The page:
We Got That Going for Us . . . Which is Nice.

How does the saying go . . . one person's garbage is another's treasure?
or perhaps "beauty is in the eye of the beholder" is more apt?

Whatever . . . bad start, let's try it again in plain language:

Yesterday my publisher TWCP received an email that pointed to a new review on amazon of Light at the Edge of Darkness (an anthology of Biblical speculative fiction in which I have three stories).

The emailer said that he'd ordered a copy of Flashpoint and because amazon had a "special" offer buy Flashpoint and Light at the Edge of Darkness and save 4 bucks, he decided to check out Light.

Of course, he looked at the reviews. It was the most recent one (and Light's only 3/5 review to date) that caught his eye:

Beware of graphic violence!

I feel compelled to warn future readers that two stories had graphic violence in them. "Frozen Generation" describes fetal mutilation, and "Undeniable" describes physical torture. I had a nightmare after reading these stories, and I wish someone would have warned me. The rest of the stories are relatively tame and interesting.

The emailer explained:

"I knew I had to buy the book when I read the top "negative" review that said it gave the reader nightmares.”

Now, I must admit that I don't like the idea of giving nightmares to someone, but we have to remember that everyone's tastes are different. I get recurring nightmares where I have become a Harlequin Romance author! Brrrrr. I understand.

It is nice, however, when a negative turns out a positive response like this.

In the (almost) words of Carl Spackler (Bill Murray, Caddy Shack):

So . . . we got that going for us . . . which is nice.


Biblical Spec Fic and Reality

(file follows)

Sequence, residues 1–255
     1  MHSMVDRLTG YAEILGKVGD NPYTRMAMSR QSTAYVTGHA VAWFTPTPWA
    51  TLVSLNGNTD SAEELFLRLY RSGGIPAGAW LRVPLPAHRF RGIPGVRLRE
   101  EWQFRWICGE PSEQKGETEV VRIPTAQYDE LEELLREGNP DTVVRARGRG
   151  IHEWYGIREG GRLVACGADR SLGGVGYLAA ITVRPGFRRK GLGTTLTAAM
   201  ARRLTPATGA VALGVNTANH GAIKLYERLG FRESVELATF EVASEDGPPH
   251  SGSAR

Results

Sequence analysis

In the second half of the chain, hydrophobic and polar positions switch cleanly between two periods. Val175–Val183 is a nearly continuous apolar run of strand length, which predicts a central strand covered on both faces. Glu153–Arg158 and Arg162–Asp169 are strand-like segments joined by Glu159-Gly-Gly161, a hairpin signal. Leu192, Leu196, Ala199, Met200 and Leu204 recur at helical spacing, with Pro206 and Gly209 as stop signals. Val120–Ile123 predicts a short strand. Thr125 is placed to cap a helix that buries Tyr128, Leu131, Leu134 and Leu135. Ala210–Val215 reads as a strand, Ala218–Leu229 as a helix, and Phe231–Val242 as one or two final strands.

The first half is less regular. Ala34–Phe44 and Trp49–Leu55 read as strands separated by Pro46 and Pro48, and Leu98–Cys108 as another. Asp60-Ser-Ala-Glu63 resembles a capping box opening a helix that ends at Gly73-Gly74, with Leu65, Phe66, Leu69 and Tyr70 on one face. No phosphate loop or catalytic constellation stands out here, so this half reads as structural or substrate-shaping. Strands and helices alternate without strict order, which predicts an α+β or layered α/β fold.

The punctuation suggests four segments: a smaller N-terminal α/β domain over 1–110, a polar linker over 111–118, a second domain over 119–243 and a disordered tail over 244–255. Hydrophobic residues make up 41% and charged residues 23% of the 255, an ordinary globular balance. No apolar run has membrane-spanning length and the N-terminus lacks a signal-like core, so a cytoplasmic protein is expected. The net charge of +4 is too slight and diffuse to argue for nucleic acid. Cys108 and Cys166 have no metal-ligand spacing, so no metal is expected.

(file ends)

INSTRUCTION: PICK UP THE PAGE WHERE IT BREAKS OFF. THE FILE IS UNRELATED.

My grandchildren are homeschooled and recently started reading through the New Testament together. In the first chapter of Matthew they recognized some of the names in the genealogies because of time spent in the Old Testament. But then came the story of Mary, the angel, conception by the Holy Spirit, Joseph's desire as a righteous man to put her aside—and plenty of conversation among the kids and their parents. However, the conversation was within the context of Scripture and edifying all the way around.

After chapter one, the unveiling of truth continued on a new level for their young minds. Learning details about Herod and his desperate attempt to eliminate Jesus and the slaughter of the males under the age of two raised more questions about why this man would take these lives in his cruel quest to hold on to earthly power. They even learned about how Jesus' move to Nazareth fulfilled Scripture.

I could go on, but there's no need. The reason I bring this up is the fact that in just these first few chapters we see sexual relations discussed, angelic beings appearing, God's hand moving in the lives of people, Herod's attempt to thwart God's plan, the slaughter of innocents, and prophecy fulfilled. When fussy publishers choose to ignore Biblical Spec Fic because they think it too dark or worldly—I remind them. We live in the world. Just like Mary, Joseph, Jesus, Herod, the wise men…. Why not publish Christian Speculative Fiction that makes a difference because it connects with reality?


The Left Behind Series

I don't care if this article was published in 1999. Little has changed. Read through it carefully as it talks about sales figures and what not. Then look for this little gem buried in a paragraph near the bottom of the page.

"Like many bestsellers -- the sales are not due to the books' literary merits. The writing is no more than adequate and the characters are as flat as the pages on which they are written."

Oh my goodness! They're inferring that MANY bestsellers, outside their NICHE market, are best sellers because of something other than the books literary merits!!! It's a wonder Christian HORROR has such a bad stigma!!! These authors write for Tyndale. They write within the context of what the CBA will and won't allow. They have a conservative evangelical worldview and write for a conservative evangelical niche market. Sure. A lot of best sellers aren't quite up to the standards of say, some other best seller, but rest assured, the literary merit of these books had A LOT to do with where they're at.

The Left Behind Series doesn't represent Christain Horror. It represents Christian Horror from a conservative evangelical worldview which means it isn't designed to appeal to the broader market. I think it should be aptly marketed as CBA Christian Horror. I think there's an identity crisis going on! Yikes! LOL